• Organizational Culture Assessment Instrument (OCAI). The purpose of the OCAI is to assess six key dimensions of organizational culture. In completing the instrument, you will be providing a picture of how your organization operates and the values that characterize it. No right or wrong answers exist for these questions, just as there is no right or wrong culture. Every organization will most likely produce a different set of responses. Therefore, be as accurate as you can in responding to the questions so that your resulting cultural diagnosis will be as precise as possible. You are asked to rate your organization in the questions. To determine which organization to rate, you will want to consider the organization that is managed by your boss, the strategic business unit to which you belong, or the organizational unit in which you are a member that has clearly identifiable boundaries. Because the instrument is most helpful for determining ways to change the culture, you’ll want to focus on the cultural unit that is the target for change. Therefore, as you answer the questions, keep in mind the organization that can be affected by the change strategy you develop.  The OCAI consists of six questions. Each question has four alternatives. Divide 100 points among these four alternatives depending on the extent to which each alternative is similar to your own organization. Give a higher number of points to the alternative that is most similar to your organization. For example, in question one, if you think alternative A is very similar to your organization, alternative B and C are somewhat similar, and alternative D is hardly similar at all, you might give 55 points to A, 20 points to B and C, and five points to D. Just be sure your total equals 100 points for each question. Note, that the first pass through the six questions is labeled “Now”. This refers to the culture, as it exists today. After you complete the “Now”, you will find the questions repeated under a heading of “Preferred”. Your answers to these questions should be based on how you would like the organization to look five years from now.Scores given to each quadrant are totalled and the averages are transposed onto the graph. The graphs are a visual representation that can be easily interpreted and compared with other outcomes. In order to be able to determine not only the current Organisational Culture, but the Organisational Culture that is desired by the employees as well, a set of two questionnaires has been handed out. One to fill out bearing in mind the situation as it has been for the last couple of years. The second and identical questionnaire, to complete when thinking of what would be the perfect working environment as the respondent would like to experience it. The questionnaire has been distributed amongst IS personnel at the six DHL IS entities: Danzas NL, Danzas Belux, VGL NL, VGL Belux, DHL NL, DHL Belux. Or locationwise: Rotterdam Boompjes, Grimbergen, Driebergen, Ternat, Hoofddorp en Diegem. A total number of 222 sets of questionnaires were handed out throughout the Benelux IS departments. When analysing the outcome there are three different kinds: - the current Organisational Culture (by the employees); - the desired Organisational Culture (by the employees); - the required Organisational Culture (by management).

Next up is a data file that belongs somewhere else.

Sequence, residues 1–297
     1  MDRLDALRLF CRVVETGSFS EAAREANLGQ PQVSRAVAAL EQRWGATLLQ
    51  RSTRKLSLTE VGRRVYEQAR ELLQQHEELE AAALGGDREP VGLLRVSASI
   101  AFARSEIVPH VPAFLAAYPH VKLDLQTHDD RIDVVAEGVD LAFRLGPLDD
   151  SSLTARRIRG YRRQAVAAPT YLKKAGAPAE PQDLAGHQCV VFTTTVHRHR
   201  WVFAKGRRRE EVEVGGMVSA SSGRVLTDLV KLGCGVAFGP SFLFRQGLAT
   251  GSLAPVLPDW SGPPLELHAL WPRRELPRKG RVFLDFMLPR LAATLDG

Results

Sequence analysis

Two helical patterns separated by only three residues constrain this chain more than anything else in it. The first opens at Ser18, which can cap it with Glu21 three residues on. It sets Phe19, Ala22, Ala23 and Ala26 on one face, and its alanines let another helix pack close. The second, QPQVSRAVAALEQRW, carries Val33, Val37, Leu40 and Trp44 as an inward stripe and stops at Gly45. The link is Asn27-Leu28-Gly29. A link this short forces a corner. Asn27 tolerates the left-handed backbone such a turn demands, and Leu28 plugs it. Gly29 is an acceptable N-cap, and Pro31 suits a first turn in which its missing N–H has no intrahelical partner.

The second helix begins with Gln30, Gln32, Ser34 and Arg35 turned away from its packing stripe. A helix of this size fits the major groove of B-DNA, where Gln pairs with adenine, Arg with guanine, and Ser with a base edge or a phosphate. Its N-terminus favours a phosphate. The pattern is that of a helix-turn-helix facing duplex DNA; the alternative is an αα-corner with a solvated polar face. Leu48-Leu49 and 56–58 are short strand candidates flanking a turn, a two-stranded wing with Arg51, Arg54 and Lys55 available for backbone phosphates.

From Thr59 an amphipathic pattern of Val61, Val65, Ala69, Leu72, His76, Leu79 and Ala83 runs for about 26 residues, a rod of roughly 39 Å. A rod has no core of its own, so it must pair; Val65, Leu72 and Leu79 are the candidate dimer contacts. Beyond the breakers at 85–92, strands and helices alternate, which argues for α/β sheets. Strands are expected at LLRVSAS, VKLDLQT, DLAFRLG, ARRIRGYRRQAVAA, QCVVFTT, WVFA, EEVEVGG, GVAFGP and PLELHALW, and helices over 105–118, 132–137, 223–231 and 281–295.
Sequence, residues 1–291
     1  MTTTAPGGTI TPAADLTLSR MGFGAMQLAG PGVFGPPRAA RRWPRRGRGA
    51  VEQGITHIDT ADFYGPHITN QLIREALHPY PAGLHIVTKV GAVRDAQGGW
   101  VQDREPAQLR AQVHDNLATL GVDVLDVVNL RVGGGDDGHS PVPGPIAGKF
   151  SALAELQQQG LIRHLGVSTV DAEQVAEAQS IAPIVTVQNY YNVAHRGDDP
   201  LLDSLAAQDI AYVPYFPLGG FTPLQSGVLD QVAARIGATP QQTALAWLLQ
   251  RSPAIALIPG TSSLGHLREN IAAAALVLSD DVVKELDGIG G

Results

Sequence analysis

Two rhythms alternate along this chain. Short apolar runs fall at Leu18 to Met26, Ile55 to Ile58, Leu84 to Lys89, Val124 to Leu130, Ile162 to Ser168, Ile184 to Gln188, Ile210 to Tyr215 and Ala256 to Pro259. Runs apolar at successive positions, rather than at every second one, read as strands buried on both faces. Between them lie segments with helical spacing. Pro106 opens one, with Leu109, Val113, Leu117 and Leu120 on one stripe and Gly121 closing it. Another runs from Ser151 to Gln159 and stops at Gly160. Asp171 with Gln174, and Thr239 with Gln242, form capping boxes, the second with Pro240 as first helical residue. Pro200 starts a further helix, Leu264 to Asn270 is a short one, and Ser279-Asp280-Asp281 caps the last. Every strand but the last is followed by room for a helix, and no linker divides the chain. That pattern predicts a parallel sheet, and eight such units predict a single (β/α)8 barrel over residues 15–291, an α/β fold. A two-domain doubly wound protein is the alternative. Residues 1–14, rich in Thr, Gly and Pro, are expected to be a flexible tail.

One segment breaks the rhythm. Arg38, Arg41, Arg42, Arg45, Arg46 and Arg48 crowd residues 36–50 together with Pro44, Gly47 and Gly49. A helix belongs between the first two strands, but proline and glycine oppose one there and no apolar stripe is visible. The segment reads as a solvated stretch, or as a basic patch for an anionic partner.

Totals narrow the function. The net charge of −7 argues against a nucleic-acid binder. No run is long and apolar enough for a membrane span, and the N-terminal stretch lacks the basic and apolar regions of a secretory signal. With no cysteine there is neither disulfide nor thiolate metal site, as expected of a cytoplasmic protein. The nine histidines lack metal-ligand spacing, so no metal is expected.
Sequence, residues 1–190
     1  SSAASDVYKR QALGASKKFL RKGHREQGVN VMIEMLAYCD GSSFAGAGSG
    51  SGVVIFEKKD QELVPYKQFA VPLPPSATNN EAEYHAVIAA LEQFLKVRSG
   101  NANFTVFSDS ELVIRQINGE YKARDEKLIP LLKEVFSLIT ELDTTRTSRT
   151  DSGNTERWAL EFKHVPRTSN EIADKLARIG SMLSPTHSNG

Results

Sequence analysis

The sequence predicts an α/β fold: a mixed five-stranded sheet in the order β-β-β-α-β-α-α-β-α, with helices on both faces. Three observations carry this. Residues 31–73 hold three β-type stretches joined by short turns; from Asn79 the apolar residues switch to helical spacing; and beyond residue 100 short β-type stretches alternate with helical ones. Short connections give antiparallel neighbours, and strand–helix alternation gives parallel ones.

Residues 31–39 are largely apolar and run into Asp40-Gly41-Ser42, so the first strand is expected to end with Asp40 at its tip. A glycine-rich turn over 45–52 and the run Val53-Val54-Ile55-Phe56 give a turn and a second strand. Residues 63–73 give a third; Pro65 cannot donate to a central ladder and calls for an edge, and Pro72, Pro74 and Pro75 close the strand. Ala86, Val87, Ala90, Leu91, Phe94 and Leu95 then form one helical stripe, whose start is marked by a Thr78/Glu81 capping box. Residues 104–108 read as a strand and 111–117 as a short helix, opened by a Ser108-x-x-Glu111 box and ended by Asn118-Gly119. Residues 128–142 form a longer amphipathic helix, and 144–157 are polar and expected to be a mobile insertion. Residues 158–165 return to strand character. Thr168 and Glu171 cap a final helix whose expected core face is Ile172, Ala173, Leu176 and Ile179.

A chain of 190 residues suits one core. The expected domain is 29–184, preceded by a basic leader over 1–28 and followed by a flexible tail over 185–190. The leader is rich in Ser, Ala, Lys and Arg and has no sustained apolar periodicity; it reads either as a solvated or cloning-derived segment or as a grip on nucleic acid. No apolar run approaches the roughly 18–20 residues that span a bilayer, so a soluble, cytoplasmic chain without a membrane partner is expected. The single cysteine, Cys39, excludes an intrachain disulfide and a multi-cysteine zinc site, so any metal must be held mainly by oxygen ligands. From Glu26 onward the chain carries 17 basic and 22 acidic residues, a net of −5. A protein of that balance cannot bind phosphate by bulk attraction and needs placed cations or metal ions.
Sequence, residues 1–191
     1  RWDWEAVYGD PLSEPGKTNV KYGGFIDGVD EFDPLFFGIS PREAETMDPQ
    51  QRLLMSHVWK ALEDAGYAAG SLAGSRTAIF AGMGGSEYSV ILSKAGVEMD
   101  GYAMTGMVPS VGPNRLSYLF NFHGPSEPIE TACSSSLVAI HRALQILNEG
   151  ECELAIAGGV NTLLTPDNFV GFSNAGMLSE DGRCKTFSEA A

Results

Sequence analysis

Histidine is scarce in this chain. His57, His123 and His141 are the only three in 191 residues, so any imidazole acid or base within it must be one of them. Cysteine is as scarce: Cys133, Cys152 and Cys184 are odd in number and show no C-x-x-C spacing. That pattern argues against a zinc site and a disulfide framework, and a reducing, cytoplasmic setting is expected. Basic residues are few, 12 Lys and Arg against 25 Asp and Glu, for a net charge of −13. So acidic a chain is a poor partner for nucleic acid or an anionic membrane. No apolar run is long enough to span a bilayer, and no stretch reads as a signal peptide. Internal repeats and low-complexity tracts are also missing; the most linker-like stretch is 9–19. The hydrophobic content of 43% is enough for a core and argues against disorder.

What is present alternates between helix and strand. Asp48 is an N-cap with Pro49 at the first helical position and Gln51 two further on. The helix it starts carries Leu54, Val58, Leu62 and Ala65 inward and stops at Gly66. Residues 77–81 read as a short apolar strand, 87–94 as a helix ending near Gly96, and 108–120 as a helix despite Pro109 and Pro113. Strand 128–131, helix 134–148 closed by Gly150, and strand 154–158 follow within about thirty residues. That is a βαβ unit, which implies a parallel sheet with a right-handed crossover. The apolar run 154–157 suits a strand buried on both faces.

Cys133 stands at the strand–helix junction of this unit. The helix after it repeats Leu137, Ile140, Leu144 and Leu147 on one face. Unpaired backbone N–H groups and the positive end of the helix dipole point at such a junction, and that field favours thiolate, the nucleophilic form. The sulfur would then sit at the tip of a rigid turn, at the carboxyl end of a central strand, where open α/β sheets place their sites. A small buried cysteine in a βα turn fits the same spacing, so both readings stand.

• The Competing Values Framework Assessment 2:The Measurement Skill Assessment Instrument (MSAI) Concept Measured: management competencies. The Objective of MSAI was to verify if the current competencies of management useful to shape the current organizational culture to the ideal needs. Brief Description:The tool consists of 87 Questions. MSAI is linked with OCAI. Infact, it identifies 3 clusters of competencies, for a total of 12 clusters, for each type of organizational culture.Length of Administration 30 minutes 2 self-assessment and per person 360 degree feedbackMeasurement Skill Assessment Instrument (MSAI) of Whetten and Cameron (2005) isthe instrument used for the analysis of competencies for managing diversity. The original MSAIhas been modified appropriately for the research about diversity. MSAI is linked with OCAI. Infact, it identifies 3 clusters of competencies, for a total of 12 clusters, for each type oforganisational culture (figure 3). The original objective of MSAI was to verify if the currentcompetencies of management were useful to shape the current organisational culture to the idealone.